Posted by Susan Doll on August 10, 2015
This Friday, August 14, TCM salutes Groucho Marx as part of this month’s Summer Under the Stars. Most of the day is devoted to the classic comedies of the Marx Brothers, which regular TCM viewers have seen multiple times. One of the most rewarding experiences for any avid movie lover is to watch a familiar film with a new perspective, leading the viewer to discover new insights and therefore a new appreciation. I hope my post today offers some of you a different perspective on the Marx Brothers’ movies.
Studying and teaching art history has prompted me to look at the movies in new ways. For example, when first studying the Dadaists in graduate school, I thought immediately of the Marx Brothers, because Dadaism was intentionally subversive and anarchic. It was born out of the anger and frustration over WWI and its causes, and it was designed to ridicule artistic traditions, moral conventions, and social institutions. In cafes and theaters, Dadaists dressed in ridiculous costumes, uttered meaningless noises, or performed poetry based on puns, nonsequiturs, and the interplay of words. Visual artists created collages and sculptures that reflected Freud’s and Jung’s ideas on the subconscious. After the war, the Surrealists picked up where the Dadaists left off, though their perspective was less nihilistic and they were more interested in tapping into the subconscious for their imagery. Surrealism is really about the irrational juxtaposition of recognizable images. Normal, everyday objects lose their identity or meaning because they have been taken out familiar contexts, or because they are depicted as warped or decayed. The imagery can be disturbing, provocative, and/or humorous. The artist whose work came to define Surrealism, at least for the mainstream public, was Salvador Dali, and Dali may have been the Marx Brothers’ biggest fan.
Posted by Pablo Kjolseth on August 9, 2015
TCM will be highlighting films by Ann-Margret this Thursday. The memory of her basking in a spray of beans and chocolate as she then makes love to a man-sized, hotdog-shaped pillow are so well-seared into any young stoner’s mind that I was tempted to write about Tommy (Ken Russell, 1975). However there is something in the air right now that pointed me, instead, toward Carnal Knowledge (Mike Nichols, 1971). It has to do with a perennial hot-button topic that will never go away as long as humans are around, be it Elvis’ gyrating hips in 1957 or whatever Miley Cyrus is licking right now: Sex. Trainwreck (Judd Apatow, 2015), for example, is currently well on its way toward raking in over $100 million and is getting a lot of ink for Amy Schumer’s portrayal of a sexually liberated woman who grows up thinking monogamy isn’t realistic. It would be nice to think that we’ve come a long way since Looking for Mr. Goodbar (Richard Brooks, 1977), which portrayed the drama of a free-spirited and promiscuous woman (Diane Keaton) as a slippery slope into inevitable tragedy. But it was scarcely two weeks ago that a deranged religious extremist with a gun in Lafayette, Louisiana, picked a screening of Trainwreck for an act of terrorism. [...MORE]
A couple of weeks ago I posted an article looking back at the 1980s apocalyptic-screwball singularity that was Miracle Mile. One of the comments posted to that thread exhorted TCM to stop showing imports—as non sequitur a remark as you could hope for. I wanted to respond with a list of the kinds of imported films I refuse to live without (Godzilla, Jackie Chan, Hammer Horror, Claude Chabrol, FW Murnau, Fritz Lang’s silent films, Ernst Lubitsch’s silent films, Alfred Hitchcock’s English films, Powell & Pressburger, J-Horror, Akira Kurosawa, Sergio Leone…) or to try to argue what Hollywood would have lost—or never had in the first place—without the influx of foreign-born talent and the need to compete against foreign-made films.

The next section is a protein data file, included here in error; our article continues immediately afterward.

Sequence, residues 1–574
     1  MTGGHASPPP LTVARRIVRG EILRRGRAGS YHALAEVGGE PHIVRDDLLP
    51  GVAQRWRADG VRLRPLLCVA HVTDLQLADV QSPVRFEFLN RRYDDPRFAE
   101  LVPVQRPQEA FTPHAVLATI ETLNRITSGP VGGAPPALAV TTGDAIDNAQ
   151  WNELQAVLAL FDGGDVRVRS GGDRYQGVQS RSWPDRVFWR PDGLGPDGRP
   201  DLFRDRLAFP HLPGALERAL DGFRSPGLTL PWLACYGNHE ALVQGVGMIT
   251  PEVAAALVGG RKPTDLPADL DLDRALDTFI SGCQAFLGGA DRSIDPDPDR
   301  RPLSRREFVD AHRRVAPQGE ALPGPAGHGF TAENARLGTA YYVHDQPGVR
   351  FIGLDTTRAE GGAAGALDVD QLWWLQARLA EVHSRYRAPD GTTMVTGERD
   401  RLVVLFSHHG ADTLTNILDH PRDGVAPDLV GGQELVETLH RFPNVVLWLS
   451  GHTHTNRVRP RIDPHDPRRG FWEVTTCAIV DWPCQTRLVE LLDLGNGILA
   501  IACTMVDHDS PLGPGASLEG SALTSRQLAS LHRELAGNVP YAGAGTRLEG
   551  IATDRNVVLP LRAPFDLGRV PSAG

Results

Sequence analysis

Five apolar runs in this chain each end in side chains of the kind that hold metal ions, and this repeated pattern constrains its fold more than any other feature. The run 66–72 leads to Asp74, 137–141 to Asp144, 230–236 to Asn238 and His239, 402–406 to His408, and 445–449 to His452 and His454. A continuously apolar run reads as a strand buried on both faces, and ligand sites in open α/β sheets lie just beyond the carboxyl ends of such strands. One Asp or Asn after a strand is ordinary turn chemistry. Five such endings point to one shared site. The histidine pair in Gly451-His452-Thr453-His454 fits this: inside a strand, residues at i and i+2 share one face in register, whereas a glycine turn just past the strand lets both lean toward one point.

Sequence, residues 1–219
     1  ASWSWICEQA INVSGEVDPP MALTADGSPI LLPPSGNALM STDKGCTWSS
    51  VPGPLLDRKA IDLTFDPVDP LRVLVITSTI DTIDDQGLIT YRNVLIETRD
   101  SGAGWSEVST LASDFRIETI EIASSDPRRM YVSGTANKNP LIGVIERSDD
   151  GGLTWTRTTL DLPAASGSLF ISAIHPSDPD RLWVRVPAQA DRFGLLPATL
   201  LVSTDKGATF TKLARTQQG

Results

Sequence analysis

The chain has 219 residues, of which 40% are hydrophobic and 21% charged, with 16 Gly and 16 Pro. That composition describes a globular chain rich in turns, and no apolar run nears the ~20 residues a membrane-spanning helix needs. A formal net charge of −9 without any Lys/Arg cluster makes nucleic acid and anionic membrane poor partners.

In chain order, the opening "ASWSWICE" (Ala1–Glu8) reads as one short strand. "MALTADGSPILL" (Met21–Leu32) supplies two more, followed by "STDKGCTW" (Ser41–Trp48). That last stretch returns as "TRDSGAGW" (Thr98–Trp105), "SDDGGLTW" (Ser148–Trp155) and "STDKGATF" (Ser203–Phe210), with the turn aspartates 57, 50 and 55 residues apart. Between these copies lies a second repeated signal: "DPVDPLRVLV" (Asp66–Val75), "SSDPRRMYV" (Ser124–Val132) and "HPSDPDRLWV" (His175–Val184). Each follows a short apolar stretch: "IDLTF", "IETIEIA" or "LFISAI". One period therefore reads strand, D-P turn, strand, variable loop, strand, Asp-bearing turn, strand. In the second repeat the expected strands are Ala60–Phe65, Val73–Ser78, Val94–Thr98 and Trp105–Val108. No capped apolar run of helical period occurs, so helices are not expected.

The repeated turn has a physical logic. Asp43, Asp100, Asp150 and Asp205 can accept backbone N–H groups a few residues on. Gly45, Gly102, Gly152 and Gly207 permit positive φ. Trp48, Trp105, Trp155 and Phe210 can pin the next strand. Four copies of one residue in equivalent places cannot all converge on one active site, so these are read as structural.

But then I decided it would be more fun to be obstinate. Why not single out an import that hasn’t had the time to become recognized as a classic, and will have few—if any—defenders? An import that has barely been released in the US at all, and which sets itself conspicuously to be compared to a beloved classic?
So, this week, Ji-woon Kim’s The Good, The Bad, The Weird.
Posted by gregferrara on August 7, 2015
Today is Katharine Hepburn’s day on TCM and I’d like to take this opportunity to discuss something I’ve always found to be one of her greatest strengths: Finding chemistry with just about anyone. It’s not an easy thing to do in and of itself but she took it one step further: She had chemistry with Spencer Tracy, the man she loved. Do you know how many real life Hollywood couples have absolutely no chemistry on the screen? Almost all of them. But Hepburn? She could make every co-star, lover or not, look like they’d worked with her for the last thirty years.
Posted by Kimberly Lindbergs on August 6, 2015
Who doesn’t like Michael Caine? It’s hard to imagine that there are any film fanatics alive who don’t appreciate at least one or two of the 123 films that he’s appeared in. I happen to love Michael Caine and today TCM will be airing a batch of films featuring the bespectacled British actor as part of their ongoing “Summer Under the Stars” programming. One of the films being shown is HELL IN KOREA (1956), which contains his first credited screen performance along with some of my favorite Caine films including BILLION DOLLAR BRAIN (1967), THE MAN WHO WOULD BE KING (1975), HANNAH AND HER SISTERS (1986), THE IPCRESS FILE (1965), GET CARTER (1971) and THE ROMANTIC ENGLISH WOMAN (1975). As an accompaniment to TCM’s spotlight on Michael Caine I thought I’d compile some interesting facts about the man that may or may not surprise you.